This picture is an accessibility nightmare, a hill with lots of steps. Might as well be Mount Everest for anyone who isn't upright and able to climb.
Accessibility into your home starts at the street, regardless of how well designed your space is on the inside. You must first get TO the door before you can enter THROUGH the door, an important consideration for a home's livability as well as visitability by others. Common sense, right?
Unfortunately most owners don't consider accessibility even within the house until it becomes a problem, regardless it begins at the street. Imagine pushing a baby stroller, pulling luggage, or if you were injured in an accident or wanted to welcome into your home a visitor who uses a mobility aid (e.g. cane, walker, wheelchair), how would someone get to your entrance, let alone through the doorway? Even from a convenience perspective, what would be the easiest route to travel carrying furniture or lugging boxes. Consider elevation changes and potential tripping hazards.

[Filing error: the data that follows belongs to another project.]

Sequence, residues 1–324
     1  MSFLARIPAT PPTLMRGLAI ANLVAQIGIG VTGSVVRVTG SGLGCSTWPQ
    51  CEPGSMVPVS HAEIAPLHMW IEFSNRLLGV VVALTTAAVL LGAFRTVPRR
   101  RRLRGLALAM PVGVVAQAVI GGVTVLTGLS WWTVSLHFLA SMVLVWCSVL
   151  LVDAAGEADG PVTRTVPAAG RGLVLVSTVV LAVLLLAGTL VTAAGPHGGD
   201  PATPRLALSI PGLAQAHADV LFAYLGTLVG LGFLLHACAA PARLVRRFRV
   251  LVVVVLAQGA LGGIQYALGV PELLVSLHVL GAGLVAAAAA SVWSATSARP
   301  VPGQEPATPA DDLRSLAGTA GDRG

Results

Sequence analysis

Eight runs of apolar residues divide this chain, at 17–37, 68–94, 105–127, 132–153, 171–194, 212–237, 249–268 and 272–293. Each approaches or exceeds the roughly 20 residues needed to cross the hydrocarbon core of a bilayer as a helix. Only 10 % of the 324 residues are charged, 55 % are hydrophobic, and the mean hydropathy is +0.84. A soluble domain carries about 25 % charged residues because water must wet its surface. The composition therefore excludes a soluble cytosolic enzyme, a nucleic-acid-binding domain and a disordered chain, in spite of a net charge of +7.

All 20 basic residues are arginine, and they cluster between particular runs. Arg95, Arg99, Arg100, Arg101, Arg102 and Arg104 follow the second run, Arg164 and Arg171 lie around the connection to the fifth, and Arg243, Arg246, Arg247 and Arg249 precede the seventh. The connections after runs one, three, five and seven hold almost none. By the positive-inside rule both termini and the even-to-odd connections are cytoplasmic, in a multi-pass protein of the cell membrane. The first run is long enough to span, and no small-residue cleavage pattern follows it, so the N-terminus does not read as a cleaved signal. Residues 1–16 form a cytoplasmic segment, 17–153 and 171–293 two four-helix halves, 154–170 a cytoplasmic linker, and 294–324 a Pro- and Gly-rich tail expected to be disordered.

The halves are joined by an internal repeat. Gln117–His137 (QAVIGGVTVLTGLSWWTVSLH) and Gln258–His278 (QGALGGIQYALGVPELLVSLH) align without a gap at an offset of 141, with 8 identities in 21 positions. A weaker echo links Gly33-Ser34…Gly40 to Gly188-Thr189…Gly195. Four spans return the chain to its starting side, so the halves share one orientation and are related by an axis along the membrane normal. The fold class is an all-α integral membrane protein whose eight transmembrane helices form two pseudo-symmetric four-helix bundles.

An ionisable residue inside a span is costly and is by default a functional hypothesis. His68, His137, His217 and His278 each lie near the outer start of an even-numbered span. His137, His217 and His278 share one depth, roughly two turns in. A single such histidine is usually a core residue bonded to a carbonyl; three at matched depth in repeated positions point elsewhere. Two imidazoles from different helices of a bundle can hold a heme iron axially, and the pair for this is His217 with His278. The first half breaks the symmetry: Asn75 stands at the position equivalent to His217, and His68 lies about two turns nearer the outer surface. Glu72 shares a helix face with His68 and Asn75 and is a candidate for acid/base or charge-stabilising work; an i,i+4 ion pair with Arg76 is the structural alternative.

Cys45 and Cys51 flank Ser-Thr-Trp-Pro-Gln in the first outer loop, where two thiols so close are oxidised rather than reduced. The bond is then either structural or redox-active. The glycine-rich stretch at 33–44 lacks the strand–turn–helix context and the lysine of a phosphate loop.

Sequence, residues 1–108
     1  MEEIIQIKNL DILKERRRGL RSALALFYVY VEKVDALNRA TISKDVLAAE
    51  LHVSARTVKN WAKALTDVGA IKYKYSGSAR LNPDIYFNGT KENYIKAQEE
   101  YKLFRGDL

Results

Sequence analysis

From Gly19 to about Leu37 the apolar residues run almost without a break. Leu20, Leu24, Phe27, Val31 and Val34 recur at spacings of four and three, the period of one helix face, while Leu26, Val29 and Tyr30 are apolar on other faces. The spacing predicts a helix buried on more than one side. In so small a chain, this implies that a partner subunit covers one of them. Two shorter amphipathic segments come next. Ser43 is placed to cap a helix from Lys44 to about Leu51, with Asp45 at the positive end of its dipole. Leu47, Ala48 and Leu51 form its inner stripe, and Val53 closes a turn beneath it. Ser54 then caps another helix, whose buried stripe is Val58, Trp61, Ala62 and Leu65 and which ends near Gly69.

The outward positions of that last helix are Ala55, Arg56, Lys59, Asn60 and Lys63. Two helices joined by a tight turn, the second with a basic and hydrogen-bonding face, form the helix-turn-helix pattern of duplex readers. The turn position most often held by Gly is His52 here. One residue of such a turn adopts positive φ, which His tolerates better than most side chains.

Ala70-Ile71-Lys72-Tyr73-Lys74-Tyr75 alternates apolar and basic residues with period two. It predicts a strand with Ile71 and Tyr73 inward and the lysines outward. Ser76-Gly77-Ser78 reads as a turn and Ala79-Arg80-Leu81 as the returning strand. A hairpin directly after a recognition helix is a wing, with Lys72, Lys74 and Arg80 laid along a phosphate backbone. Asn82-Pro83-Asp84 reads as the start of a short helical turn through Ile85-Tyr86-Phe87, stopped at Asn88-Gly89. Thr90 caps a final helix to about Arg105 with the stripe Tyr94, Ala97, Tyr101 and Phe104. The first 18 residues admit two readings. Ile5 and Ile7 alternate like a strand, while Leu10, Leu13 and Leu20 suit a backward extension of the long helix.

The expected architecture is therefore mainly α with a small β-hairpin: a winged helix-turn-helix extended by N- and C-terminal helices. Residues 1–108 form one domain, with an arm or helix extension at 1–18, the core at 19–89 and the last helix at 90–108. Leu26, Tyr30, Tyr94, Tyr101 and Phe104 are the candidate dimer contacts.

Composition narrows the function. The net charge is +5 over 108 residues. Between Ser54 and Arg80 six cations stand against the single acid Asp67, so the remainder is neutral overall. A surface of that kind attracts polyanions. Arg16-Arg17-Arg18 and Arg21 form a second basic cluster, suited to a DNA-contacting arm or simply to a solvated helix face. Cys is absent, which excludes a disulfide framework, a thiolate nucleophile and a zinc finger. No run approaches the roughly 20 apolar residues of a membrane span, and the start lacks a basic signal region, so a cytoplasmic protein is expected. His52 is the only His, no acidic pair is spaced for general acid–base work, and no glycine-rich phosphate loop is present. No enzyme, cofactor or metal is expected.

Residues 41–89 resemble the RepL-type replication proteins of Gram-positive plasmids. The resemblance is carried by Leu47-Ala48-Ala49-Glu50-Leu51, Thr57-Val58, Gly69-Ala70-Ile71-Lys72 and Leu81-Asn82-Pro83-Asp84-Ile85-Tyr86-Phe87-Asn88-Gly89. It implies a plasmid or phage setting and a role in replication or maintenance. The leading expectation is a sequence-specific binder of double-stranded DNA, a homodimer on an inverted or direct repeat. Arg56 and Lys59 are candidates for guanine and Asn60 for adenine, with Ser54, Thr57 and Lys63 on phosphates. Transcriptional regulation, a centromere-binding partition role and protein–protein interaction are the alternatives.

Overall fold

Test yourself. Borrow a stroller, rolling suitcase, wheelchair or crutches and you'll discover that even a quarter inch rise hinders, maybe not in successfully navigating with a leisurely pace, but in physical exertion which could potentially be dangerous when coupled with foul weather and other personal health factors.
Among the solutions to smooth the ride, use different ground cover treatments (landscaping), plan alternate easier routes (via the side, rear, through a garage) or modify sloping (remove/add dirt). Due to innovation in building science and sustainable design, a host of Eco-friendly materials and applications (e.g. pervious concrete, porous asphalt, porous turf, single-sized aggregate) are being marketed for this purpose of improving efficiency and mobility.
Notice above I didn't write "build a ramp". I'll devote a post to ramps, which should be avoided as a last resort if access can be achieved in another way.
Obviously, the appropriate solution for your unique circumstances will depend on the literal lay of the land (topography) from your vehicle to the preferred entrance into the home.
Next I cover one of the staples of Universal Design, the zero clearance entry, which will include alternatives to ramps and lifts.
President Todd Hawkins preaches building science and Universal Design (UD) to teach the benefits of an efficient, convenient, comfortable and flexible Lifetime Home. Also follow him on Twitter @BuilderFish for short tips about how kid-friendly UD makes home life easier and more secure for any person of any age or ability.